SOHO — The municipal union representing city day care inspectors had warned the Health Department on several occasions over the past few years that its inspector staff was too small to regulate all of the day care facilities in the five boroughs, DNAinfo New York has learned.
The city Health Department currently has 78 inspectors who regulate the 11,300 licensed day care facilities. A senior union official told DNAinfo that the union District Council 37 had urged the Health Department to increase the number of inspectors because its members were stretched too thin.
"The shortage of child care inspectors relative to the large number of day care programs that exist in the city is an important issue that the union has raised several times over the years with the Department of Health," the union official said. The union official said the staffing shortage still exists.
The revelation comes a week after 3-month-old Karl Towndrow died at an unlicensed day care facility in SoHo. Towndrow went into cardiac arrest on his first day at SoHo Child Care, a facility run out of the loft apartment of Maryellen Strautmanis for the past 14 years.
The Health Department said in a statement that it has been taking steps to improve its inspection efforts.
Between July 1, 2014, and June 30, 2015, the Health Department hired 26 new day care inspectors, bringing the number of field inspectors to 78. It also plans to hire three more field inspectors in the next year. In addition 21 supervisors oversee the field inspectors.
The agency said it has also created a centralized unit that will address allegations of serious child-safety threats, including unlicensed facilities. The department says it will hire an additional five inspectors to staff this unit.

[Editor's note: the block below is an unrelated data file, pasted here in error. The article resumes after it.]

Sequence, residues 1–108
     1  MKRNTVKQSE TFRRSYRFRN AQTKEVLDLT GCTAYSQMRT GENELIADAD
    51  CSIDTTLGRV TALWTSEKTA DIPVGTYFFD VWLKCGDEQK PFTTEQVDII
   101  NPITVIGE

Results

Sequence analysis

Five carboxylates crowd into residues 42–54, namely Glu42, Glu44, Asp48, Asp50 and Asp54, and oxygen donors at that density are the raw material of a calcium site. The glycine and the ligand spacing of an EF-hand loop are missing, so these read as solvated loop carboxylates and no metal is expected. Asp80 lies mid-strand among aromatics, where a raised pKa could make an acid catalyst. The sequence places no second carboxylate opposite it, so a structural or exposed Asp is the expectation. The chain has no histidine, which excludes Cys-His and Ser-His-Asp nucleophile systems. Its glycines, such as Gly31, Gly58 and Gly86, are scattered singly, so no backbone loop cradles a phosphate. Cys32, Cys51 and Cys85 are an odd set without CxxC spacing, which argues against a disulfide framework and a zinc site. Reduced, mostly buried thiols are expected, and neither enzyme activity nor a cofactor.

The Health Department received a complaint about Strautmanis's facility months before Towndrow's death.
A Health Department inspector visited the location but could not gain entry. The inspector also spoke to tenants in the building's ground floor who said they were unaware of a daycare center operating in the building. He closed the investigation after the visit after being unable to corroborate the allegations.
The Health Department said the inspector followed agency guidelines. However, both the city Department of Investigation and the Manhattan District Attorney's Office are looking into whether the inspector actually followed protocol.
The Office of Children and Family Services licenses all home-based day cares in in the city and the state. The city Health Department licenses day cares with more than 16 children or that operate outside a home.
However, Health Department inspectors are charged with safety and health inspections for all day care facilities in the city.